Sherlock is lying on the sofa, sorting through the net’s combined knowledge on John, when he hears John knock on the front door and Mrs. Hudson answer. He’s already been through the information once, trying to find anything that will suggest the most effective approach to this matter, but a second search brings out different aspects.

John Watson should be boring, ordinary. He shouldn’t provide any kind of new data. Yet Sherlock has never before encountered a person who is in all respects completely dull except for one minor detail that blows all the information out of normality and into the realm of mystery.

Tri-wing screwdrivers are expensive, extremely difficult to fake, heavily secured, and never, in Sherlock’s experience, carried illegally by otherwise statistically ordinary men.

It’s almost enough to outweigh the numerous problems with finding a suitable robotics technician to do the job. John is clearly unphased by a certain amount of breaking the law (sensible of him; laws are frequently unnecessary and tedious). He is not, however, a criminal, and that is what makes him interesting.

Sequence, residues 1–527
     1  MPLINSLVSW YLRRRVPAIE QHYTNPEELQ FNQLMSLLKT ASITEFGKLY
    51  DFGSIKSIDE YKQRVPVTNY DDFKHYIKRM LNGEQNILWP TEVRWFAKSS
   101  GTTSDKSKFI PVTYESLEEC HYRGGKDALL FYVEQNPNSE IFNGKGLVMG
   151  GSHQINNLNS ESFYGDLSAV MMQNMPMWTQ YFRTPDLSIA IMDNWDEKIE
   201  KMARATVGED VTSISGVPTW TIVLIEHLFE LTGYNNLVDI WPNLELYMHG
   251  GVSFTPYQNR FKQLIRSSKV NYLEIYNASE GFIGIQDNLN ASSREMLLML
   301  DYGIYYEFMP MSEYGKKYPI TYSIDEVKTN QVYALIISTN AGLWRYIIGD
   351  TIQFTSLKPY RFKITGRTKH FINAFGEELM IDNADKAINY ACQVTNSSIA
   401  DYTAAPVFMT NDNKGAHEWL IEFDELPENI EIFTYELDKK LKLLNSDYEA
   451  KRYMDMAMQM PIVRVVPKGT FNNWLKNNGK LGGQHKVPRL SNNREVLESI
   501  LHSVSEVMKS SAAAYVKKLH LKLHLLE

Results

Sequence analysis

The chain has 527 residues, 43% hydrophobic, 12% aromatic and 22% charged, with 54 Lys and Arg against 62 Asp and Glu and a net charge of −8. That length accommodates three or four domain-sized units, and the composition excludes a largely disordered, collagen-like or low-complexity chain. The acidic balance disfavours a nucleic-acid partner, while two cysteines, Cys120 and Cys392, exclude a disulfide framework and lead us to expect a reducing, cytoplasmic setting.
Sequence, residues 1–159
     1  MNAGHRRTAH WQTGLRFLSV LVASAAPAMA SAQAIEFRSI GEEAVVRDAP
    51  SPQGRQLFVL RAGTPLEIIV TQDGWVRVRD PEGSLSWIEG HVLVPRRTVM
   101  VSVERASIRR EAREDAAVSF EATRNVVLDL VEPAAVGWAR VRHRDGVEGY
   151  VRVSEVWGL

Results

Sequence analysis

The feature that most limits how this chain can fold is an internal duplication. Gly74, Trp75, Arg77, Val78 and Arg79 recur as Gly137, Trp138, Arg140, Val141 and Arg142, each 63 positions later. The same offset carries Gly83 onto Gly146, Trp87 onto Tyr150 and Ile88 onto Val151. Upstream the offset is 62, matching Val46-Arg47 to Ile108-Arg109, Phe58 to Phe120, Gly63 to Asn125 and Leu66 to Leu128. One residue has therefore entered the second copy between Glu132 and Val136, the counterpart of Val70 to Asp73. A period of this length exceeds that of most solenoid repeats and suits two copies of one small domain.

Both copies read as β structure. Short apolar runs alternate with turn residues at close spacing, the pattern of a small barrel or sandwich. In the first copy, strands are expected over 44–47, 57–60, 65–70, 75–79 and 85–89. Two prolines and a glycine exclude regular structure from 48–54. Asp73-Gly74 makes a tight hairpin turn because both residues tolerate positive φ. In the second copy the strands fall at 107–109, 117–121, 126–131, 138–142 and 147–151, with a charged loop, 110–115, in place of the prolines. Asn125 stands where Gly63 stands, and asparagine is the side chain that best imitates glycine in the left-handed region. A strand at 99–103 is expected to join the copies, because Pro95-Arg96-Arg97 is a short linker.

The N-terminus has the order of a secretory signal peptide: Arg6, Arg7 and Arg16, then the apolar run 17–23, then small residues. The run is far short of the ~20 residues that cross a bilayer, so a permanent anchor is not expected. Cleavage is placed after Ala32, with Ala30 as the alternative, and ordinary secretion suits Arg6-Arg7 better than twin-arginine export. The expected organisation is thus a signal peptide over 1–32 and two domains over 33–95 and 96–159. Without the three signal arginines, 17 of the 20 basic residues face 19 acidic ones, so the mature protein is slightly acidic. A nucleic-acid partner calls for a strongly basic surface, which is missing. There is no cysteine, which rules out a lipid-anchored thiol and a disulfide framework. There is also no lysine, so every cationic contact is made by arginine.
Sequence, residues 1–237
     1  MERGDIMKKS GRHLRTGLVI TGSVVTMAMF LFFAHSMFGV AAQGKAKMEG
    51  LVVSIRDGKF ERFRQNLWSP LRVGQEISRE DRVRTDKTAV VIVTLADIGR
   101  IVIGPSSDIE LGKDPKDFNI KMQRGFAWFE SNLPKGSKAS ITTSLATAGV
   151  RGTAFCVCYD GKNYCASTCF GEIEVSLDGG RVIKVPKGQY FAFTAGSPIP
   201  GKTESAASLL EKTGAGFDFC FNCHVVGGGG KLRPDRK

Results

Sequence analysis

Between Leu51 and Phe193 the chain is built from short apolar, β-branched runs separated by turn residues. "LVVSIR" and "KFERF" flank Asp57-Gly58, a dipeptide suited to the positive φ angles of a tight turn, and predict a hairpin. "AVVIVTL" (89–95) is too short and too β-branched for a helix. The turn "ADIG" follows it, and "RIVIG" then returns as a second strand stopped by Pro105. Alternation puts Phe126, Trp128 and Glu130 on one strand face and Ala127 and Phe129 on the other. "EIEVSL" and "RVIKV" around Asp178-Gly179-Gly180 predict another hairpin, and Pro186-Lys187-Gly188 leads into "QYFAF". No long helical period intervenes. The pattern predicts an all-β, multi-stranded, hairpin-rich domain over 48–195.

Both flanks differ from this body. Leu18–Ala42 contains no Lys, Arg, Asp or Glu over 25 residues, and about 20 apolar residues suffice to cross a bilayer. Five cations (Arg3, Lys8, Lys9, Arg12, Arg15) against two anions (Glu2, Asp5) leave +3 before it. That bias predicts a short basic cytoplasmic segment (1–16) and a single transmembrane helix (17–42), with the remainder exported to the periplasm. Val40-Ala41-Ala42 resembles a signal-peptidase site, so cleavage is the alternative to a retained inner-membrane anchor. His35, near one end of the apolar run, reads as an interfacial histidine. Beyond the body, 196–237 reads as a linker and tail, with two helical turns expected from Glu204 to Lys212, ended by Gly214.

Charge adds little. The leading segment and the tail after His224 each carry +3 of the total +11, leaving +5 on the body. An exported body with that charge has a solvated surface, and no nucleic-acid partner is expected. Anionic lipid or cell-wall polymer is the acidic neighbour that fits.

John’s footsteps on the stairs (uneven, loud), Mrs. Hudson’s voice (cheerful), and then they enter the room and Sherlock is presented with a more comprehensive set of data: John wearing a checked shirt, all the way buttoned; he looks tidy and normal, and when he turns to thank Mrs. Hudson Sherlock can tell from the way he moves that his driver is once again tucked into the back of his jeans. Not put off by the first encounter, then: he showed up, and he brought his driver with him.

“There he is,” Mrs. Hudson says. “Sherlock, you’ve got a young man here to see you.” “Young” is an imprecise and subjective term, obviously, but John is 38, which is not quite middle age--a somewhat less imprecise term--but hardly young. Sherlock lifts a finger, in the recognised gesture for “one moment”, and then presses his palms back together against his chin. He has on previous occasions noted the advantage of making people wait.